Passed/Failed: An education in the life of Charlotte Edwards, captain of the England women's cricket team

'They treated me like one of the lads'


Charlotte ("Lottie") Edwards, 29, was at 16 the youngest woman to play cricket for England and in 2006 became captain of the team. It won the last two Ashes and she is now its leading run-scorer. She is also the captain of the Kent team and a coach in the Chance to Shine scheme, which encourages cricket in state schools. On 11 June, she will be playing at Taunton against India in the Women's World Twenty20.



The first reaction of the guys I played against was, "Oh, they've got a girl!" but after I had hit my first ball they realised I was good and let me get on with it. My love for the game came from my family: my dad and my uncle played. I was lucky to have my older brother; for years I bowled at him in the garden and if I bowled him out he would let me have a bat.

We lived in the Fens and I went to Somersham County Primary near Huntingdon. I loved it. I did the work but sport was my main love and I looked forward to playtime. My first introduction to "kwik cricket" was at the age of 10; this has plastic balls, no pads, and eight players – four have to be girls – and is loads of fun. There is a girls-only competition now. My school got into the regional finals and I was spotted then by the coach for the boys county "proper" cricket team.

From 11 to 14 I was at Ailwyn School and then went to Ramsey Abbey next door. (It is now one big school called Abbey College.) The teachers encouraged me to play cricket. When I was 14 or 15, my PE and form teacher Jo Brown (now Mrs Jones) nominated me for the Sunday Times Schoolgirl of the Year competition. This was for all sports across the board and I was the runner-up.

From an early age I had a lot of media attention and I was quite a popular girl at school. All through my time there I was captain of my year-group team and there was never another girl in the team. The boys treated me as one of the boys. The girls played rounders. I played rounders and tennis, too; if I hadn't played other sports, I think I would have got fed up. In the winter I played hockey and netball and, once I'd made the England under-19s at the age of 12, I would be in the nets.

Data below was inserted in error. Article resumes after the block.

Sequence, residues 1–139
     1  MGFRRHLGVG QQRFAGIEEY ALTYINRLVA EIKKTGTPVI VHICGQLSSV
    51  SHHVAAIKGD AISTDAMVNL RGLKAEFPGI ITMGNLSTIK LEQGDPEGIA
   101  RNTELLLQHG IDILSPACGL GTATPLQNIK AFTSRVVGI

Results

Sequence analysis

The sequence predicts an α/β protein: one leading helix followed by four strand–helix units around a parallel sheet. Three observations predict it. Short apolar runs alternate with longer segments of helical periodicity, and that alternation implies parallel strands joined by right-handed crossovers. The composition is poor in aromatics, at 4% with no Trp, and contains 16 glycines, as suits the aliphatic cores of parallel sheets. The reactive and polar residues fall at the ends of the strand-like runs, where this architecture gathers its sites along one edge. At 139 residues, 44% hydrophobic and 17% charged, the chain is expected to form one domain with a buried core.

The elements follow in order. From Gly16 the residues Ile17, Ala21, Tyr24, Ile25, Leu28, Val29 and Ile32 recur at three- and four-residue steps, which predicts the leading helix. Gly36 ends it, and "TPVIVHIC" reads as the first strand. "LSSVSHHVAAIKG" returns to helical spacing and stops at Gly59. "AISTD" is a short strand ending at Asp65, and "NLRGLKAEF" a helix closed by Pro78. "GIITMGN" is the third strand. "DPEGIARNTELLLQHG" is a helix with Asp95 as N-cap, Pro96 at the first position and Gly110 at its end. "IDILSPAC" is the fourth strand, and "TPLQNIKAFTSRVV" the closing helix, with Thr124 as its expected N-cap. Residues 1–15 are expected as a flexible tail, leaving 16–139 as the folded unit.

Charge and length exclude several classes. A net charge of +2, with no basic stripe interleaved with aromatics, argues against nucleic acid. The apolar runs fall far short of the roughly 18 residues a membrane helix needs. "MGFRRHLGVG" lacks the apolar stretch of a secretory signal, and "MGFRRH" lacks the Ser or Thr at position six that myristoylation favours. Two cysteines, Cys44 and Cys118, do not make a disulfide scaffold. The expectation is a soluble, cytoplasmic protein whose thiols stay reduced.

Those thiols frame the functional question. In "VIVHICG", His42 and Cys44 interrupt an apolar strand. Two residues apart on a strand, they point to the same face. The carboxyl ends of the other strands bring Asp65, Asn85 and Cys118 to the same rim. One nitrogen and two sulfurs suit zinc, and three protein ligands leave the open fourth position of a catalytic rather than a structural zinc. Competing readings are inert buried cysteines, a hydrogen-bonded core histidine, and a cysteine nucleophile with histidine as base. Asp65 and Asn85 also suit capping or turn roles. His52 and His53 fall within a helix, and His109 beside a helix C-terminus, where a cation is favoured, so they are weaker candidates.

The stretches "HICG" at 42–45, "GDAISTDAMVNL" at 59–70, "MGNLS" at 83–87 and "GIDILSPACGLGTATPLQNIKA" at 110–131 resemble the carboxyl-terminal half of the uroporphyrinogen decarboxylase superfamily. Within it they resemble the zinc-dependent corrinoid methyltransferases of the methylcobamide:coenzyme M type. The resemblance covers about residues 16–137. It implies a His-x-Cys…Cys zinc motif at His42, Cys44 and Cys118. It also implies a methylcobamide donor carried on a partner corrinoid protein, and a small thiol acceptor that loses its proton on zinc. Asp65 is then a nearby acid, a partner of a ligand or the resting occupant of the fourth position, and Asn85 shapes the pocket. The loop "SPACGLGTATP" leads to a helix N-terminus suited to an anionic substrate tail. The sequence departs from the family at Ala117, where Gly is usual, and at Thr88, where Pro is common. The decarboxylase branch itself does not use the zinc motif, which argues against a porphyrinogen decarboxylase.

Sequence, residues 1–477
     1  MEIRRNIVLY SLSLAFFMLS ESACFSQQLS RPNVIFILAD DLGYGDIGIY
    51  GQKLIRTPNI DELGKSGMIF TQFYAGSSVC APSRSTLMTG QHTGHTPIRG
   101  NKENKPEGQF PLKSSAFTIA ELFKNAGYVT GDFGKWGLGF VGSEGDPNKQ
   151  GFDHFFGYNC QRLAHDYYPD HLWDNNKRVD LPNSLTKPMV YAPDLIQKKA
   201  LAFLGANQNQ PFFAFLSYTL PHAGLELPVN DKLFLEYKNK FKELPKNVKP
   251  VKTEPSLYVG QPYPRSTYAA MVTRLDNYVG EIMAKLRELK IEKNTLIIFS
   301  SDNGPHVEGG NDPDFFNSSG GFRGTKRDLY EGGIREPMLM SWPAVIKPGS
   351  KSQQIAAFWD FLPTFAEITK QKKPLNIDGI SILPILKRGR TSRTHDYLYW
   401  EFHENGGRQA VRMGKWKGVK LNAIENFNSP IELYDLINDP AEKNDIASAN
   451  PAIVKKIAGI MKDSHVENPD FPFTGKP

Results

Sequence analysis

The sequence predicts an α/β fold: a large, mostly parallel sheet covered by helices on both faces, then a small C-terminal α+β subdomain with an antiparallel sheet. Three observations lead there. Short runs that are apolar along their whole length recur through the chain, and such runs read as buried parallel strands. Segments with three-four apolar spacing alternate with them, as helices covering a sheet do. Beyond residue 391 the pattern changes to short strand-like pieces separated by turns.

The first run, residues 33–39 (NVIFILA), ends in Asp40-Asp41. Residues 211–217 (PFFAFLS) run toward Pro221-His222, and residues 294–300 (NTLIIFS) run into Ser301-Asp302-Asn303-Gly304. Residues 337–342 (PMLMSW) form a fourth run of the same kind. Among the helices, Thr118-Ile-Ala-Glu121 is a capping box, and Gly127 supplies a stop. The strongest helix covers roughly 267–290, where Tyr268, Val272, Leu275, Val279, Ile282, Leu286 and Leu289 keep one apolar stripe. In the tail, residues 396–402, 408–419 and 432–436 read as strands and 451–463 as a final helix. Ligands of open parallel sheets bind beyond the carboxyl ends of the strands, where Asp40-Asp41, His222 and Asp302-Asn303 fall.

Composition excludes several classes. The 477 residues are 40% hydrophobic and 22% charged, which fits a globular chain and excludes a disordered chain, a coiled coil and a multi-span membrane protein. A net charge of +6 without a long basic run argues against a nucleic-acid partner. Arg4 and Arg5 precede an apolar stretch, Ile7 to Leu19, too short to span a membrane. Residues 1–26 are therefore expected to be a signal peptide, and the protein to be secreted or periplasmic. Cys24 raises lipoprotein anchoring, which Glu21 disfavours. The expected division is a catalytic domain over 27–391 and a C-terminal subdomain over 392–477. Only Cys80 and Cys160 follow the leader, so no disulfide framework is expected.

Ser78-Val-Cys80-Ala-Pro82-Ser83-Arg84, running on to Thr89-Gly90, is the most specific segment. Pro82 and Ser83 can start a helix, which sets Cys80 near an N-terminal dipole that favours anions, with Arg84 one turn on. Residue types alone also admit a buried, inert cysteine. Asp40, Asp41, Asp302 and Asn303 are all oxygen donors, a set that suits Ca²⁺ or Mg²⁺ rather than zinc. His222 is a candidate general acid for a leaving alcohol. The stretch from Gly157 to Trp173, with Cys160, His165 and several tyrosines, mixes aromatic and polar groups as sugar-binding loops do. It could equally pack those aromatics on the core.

At GCSEs I got an A in PE, Bs in English literature and French. I hadn't really enjoyed English until the last couple of years when I had Mrs Fairclough, the deputy head; and the French result was a miracle! I got Cs in the rest.

I didn't get general science: I was playing cricket on the day of the physics part of the exam. I went for a year to Cambridge Regional College for a leisure and tourism GNVQ. I didn't do the second year as I was offered a sales job by my sponsor, Hunts County Bats. Also, I had a big tour and would have missed three months of school.

When not playing cricket, I spend 25 hours a week coaching in the Chance to Shine scheme, mostly girls in my case. I'm as much of a cricket professional as a woman's going to get.

What would I have done if I hadn't had cricket as a career? I think I'd have been a teacher; I enjoy my coaching. Or I'd have gone into the police. I'd have been quite good. I'm a pretty nosy kind of person.

Suggested Topics
Start your day with The Independent, sign up for daily news emails
  • Get to the point
Latest stories from i100
Have you tried new the Independent Digital Edition apps?
Independent Dating
and  

By clicking 'Search' you
are agreeing to our
Terms of Use.

iJobs Job Widget
iJobs People

Recruitment Genius: HR and Payroll Manager

£35000 - £38000 per annum: Recruitment Genius: This dynamic outsourced contact...

Recruitment Genius: Production & Quality Control Assistant

£19000 - £21000 per annum: Recruitment Genius: An excellent opportunity for a ...